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Journal of the American Academy of Dermatology —

As immune modulators, Probiotics have been used in inflammatory skin conditions, such as atopic dermatitis.

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National Center for Biotechnology Information —

The overall result of this meta-analysis suggests that probiotics could be an option for the treatment of AD, especially for moderate to severe atopic dermatitis (AD) in children and adults.

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Journal of Applied Microbiology —

Recently, studies showed that probiotics may exert new benefits in skin health such as improving atopic eczema, atopic dermatitis, healing of burn and scars, skin-rejuvenating properties and improving skin innate immunity.

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Journal of Dairy Science —

Effects of ingesting milk fermented by Lactococcus lactis H61 on skin health in young women: a randomized double-blind study.

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Journal of the American Academy of Dermatology —

Could probiotics be the next big thing in acne and rosacea treatments? Dermatologists encouraged by early research showing link between probiotic use and clearer skin in acne and rosacea patients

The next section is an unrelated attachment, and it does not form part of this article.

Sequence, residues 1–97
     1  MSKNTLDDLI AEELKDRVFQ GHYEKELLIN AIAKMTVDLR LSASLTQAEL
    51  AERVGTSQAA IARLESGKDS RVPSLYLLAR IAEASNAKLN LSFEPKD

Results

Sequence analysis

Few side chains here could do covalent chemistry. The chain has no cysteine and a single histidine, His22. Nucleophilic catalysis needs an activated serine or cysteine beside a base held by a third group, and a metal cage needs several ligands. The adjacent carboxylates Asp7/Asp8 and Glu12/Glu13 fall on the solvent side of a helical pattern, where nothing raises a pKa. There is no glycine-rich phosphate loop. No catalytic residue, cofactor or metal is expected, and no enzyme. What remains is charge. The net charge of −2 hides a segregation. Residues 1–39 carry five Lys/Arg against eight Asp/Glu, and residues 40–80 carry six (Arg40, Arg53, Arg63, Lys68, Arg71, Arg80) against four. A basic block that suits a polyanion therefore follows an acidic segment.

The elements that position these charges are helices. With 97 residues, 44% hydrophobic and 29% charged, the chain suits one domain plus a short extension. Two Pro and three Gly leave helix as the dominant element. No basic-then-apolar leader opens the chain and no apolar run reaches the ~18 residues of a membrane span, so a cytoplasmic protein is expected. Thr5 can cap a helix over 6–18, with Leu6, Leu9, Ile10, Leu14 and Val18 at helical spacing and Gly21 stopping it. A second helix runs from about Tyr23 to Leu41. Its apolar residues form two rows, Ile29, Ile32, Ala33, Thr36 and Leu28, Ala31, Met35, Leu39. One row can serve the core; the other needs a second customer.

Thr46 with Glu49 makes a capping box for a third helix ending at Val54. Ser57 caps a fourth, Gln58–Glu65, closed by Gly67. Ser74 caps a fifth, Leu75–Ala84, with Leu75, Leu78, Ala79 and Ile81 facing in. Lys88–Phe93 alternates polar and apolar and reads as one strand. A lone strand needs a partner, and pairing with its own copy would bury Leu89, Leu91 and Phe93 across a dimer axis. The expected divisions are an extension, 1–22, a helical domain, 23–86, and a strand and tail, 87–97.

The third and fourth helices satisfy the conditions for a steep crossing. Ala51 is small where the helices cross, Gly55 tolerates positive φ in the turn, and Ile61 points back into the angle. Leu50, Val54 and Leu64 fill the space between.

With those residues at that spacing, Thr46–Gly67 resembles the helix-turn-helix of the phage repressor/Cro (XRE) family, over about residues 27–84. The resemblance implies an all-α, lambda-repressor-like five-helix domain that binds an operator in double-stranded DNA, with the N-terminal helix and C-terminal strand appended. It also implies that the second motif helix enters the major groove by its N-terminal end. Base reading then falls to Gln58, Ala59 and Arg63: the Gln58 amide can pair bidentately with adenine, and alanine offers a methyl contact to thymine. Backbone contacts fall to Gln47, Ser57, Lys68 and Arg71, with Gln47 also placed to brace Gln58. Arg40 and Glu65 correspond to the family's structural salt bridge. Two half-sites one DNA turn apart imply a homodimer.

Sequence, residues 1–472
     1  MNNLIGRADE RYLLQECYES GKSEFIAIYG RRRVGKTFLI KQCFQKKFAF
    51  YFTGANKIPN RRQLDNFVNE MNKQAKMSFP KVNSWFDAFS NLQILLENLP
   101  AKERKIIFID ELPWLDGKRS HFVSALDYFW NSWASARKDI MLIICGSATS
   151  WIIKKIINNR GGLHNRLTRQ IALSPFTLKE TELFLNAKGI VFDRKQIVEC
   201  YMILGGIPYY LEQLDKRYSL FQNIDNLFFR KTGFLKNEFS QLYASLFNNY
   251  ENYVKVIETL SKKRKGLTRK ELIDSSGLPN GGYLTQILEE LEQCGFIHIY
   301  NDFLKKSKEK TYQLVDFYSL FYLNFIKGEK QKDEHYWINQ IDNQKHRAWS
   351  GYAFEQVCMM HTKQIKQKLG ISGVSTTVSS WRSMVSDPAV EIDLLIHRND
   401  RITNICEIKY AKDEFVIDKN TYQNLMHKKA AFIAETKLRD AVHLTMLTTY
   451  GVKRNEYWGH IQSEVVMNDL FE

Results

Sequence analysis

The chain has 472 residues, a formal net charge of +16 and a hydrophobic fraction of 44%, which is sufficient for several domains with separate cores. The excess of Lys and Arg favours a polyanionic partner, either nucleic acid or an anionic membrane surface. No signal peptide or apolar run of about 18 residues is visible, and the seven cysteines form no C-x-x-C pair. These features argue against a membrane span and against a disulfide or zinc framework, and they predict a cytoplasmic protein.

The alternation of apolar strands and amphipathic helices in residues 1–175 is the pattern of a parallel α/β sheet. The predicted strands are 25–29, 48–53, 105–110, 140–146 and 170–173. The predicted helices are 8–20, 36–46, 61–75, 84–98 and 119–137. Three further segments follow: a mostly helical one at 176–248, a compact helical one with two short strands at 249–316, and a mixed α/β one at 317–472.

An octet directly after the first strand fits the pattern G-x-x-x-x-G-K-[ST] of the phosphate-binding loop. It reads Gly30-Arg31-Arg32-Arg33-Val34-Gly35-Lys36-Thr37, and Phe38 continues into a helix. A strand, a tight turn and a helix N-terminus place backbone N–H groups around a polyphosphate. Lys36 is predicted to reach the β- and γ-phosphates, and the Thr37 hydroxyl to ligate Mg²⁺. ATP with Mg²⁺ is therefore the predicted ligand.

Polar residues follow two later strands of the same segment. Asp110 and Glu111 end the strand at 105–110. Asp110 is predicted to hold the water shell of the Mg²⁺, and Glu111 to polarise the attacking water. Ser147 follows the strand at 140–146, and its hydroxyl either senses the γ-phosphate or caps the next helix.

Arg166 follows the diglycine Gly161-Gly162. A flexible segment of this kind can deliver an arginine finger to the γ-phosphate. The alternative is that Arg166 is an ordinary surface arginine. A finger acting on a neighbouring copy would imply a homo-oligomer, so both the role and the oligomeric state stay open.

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Beneficial Microbes —

he pre- and probiotics have the capacity to optimize, maintain and restore the microbiota of the skin in different ways.

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Liverpool School of Tropical Medicine —

Topical probiotics – new approaches to the maintenance and repair of the skin barrier.

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British Journal of Dermatology —

Probiotics for preventing eczema: As Dotterud and colleagues have shown, probiotics are our most promising intervention for reducing the burden of eczema via primary prevention.

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The Clinics.com —

Current research indicates that the skin’s microbiota have a beneficial role, much like that of the gut microflora.

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